Client Alerts

CETA moves a step closer to provisional application

Volterra Fietta Client Alert
27 January 2017

On 24 January 2017, the International Trade Committee of the European Parliament voted in favour of approving the Canada-European Union (“EU”) Comprehensive Economic and Trade Agreement (“CETA” or the “Agreement”).   After a nearly nine-year process of consultations, negotiation and legal review, the CETA therefore took one crucial step closer to its provisional entry into force.

The Agreement must now be approved by the European Parliament, in a vote scheduled for February 2017.   Canada is engaged in a similar parliamentary approval process.  Both parties anticipate a positive outcome.  Once parliamentary approval is secured, those aspects of the Agreement falling exclusively within EU competency will provisionally be applied as of April 2017.

Provisional entry into force will grant Canadian and European businesses the advantages of virtually all aspects of the Agreement, including:

  • enhanced conditions for cross-border trade in goods (including the immediate virtual elimination of all tariffs, facilitation of customs procedures, enhanced measures to address both technical barriers to trade and sanitary and phytosanitary measures, mechanisms for further regulatory cooperation, and commitments with regard to subsidies);
  • enhanced conditions for cross-border trade in services (including immediate new commitments on market access, temporary entry of key personnel, mutual recognition of professional qualifications, and domestic licensing and qualification requirements);
  • industry-specific access and non-discrimination commitments, including in respect of financial services, telecommunications, e-commerce, and international maritime transport services, as well as enhanced dialogue in specific industries such as biotech, forest products, raw materials;
  • new commitments to enhanced intellectual property protections;
  • non-discriminatory access to public procurement opportunities;
  • commitments with regard to competition policy, as well as non-discriminatory behaviour of State enterprises and monopolies;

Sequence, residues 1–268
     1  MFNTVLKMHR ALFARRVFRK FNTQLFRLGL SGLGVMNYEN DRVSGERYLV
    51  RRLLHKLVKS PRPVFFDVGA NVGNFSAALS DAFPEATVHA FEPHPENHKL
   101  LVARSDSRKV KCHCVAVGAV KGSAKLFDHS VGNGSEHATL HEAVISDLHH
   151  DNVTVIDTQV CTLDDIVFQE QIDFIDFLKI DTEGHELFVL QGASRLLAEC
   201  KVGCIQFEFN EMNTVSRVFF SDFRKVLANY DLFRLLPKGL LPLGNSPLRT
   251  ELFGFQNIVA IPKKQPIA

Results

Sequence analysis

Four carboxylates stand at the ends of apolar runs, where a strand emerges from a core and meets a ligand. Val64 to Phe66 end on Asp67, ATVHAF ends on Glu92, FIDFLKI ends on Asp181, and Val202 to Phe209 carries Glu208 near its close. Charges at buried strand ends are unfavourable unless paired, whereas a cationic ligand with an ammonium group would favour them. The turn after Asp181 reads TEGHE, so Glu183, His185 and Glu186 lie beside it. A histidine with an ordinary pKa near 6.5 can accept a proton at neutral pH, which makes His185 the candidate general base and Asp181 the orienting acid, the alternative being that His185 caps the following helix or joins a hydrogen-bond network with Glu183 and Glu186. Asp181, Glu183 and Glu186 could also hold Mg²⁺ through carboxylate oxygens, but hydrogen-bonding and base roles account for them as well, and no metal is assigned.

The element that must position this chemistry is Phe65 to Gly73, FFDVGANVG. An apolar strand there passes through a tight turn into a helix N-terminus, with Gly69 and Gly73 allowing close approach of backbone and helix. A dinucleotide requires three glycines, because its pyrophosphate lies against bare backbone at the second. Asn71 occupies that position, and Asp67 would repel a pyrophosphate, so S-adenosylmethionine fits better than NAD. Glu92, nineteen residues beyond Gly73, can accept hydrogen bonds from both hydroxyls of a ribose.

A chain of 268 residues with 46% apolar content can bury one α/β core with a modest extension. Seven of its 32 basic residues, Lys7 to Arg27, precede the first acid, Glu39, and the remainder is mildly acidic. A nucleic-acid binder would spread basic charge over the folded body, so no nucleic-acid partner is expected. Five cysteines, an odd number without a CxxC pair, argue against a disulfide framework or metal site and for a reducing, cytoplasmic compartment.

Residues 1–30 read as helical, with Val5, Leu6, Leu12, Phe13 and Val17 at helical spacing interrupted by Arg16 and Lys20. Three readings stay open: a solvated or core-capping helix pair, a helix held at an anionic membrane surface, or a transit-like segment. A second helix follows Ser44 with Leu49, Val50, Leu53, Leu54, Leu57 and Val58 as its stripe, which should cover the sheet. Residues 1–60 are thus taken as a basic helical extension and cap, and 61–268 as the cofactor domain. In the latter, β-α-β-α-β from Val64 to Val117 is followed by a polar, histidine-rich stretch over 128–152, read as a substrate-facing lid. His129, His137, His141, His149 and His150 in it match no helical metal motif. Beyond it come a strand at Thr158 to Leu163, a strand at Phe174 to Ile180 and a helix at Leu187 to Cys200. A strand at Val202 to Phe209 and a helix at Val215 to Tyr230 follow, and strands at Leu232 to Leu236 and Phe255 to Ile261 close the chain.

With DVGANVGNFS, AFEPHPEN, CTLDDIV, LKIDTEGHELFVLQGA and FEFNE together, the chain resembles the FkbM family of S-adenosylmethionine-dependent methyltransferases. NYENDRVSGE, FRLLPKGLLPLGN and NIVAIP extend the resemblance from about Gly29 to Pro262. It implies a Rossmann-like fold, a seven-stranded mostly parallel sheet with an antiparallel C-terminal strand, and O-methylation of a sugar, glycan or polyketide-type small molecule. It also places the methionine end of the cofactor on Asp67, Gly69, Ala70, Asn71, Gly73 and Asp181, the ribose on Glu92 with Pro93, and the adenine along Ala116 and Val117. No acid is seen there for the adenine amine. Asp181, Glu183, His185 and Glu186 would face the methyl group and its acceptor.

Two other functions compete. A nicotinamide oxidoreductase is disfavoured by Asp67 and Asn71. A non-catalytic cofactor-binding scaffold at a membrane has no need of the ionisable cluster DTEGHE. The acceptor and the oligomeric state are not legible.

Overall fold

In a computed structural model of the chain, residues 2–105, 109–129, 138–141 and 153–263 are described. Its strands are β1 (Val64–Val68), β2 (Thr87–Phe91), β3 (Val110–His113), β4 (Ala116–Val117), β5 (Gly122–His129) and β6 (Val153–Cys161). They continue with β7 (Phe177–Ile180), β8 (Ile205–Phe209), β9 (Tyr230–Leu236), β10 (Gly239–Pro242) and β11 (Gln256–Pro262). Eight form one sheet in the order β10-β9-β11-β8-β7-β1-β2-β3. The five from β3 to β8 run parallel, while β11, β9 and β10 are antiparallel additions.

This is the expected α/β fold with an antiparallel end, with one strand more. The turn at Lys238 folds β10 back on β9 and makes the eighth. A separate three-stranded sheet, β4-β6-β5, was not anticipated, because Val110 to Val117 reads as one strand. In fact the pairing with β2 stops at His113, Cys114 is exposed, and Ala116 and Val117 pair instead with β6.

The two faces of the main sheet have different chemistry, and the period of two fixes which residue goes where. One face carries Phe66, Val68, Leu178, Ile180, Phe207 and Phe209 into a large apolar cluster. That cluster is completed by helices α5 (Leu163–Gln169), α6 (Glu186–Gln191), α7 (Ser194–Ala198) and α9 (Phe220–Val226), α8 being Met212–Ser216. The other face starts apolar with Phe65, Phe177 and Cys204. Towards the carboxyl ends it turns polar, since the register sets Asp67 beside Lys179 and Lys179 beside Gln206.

• undertakings to uphold labour, environmental and sustainable development objectives; and
  • a range of investment protections, including market access, national treatment, most-favoured-nation treatment, and free transfer of investment returns.

Overall, the provisional entry into force of the CETA stands to provide European and Canadian business immediate, substantial new trading and investment advantages and access, as well as mechanisms to promote future enhancements to Canada-EU trade and investment conditions.

As for the aspects of the CETA not subject to provisional application, they include some substantive investment protections – notably, the specifically-defined “fair and equitable treatment” obligation, and protection against expropriation – as well as the proposed Investment Court System for enforcement of investor-State obligations.  To the extent provisionally adopted, investment protections will be limited to “foreign direct investment” (i.e., excluding portfolio investment (passive minority shareholding)).

These carve-outs from provisional application reflect current controversies within the EU regarding the so-called “mixed competency” for investment protection, and related calls for parliamentary approval of these aspects of the Agreement by each Member State’s national parliament.

The latter approvals are not guaranteed.  However, by the time full ratification is sought, the advantages of the Agreement in terms of enhanced trade and investment conditions should already be apparent, and its effects felt.  National parliaments may be reluctant to put in jeopardy these advantages.   In this way, provisional entry into force of the CETA could help haul the Agreement over the ultimate finish line.

Pending full entry into force of the CETA’s investment protections, existing foreign investment promotion and protection agreements (“FIPAs”) between Canada and a range of Eastern European States will remain in force.  These existing protections therefore should remain an important consideration for Canadian businesses structuring investments in Europe, and vice versa.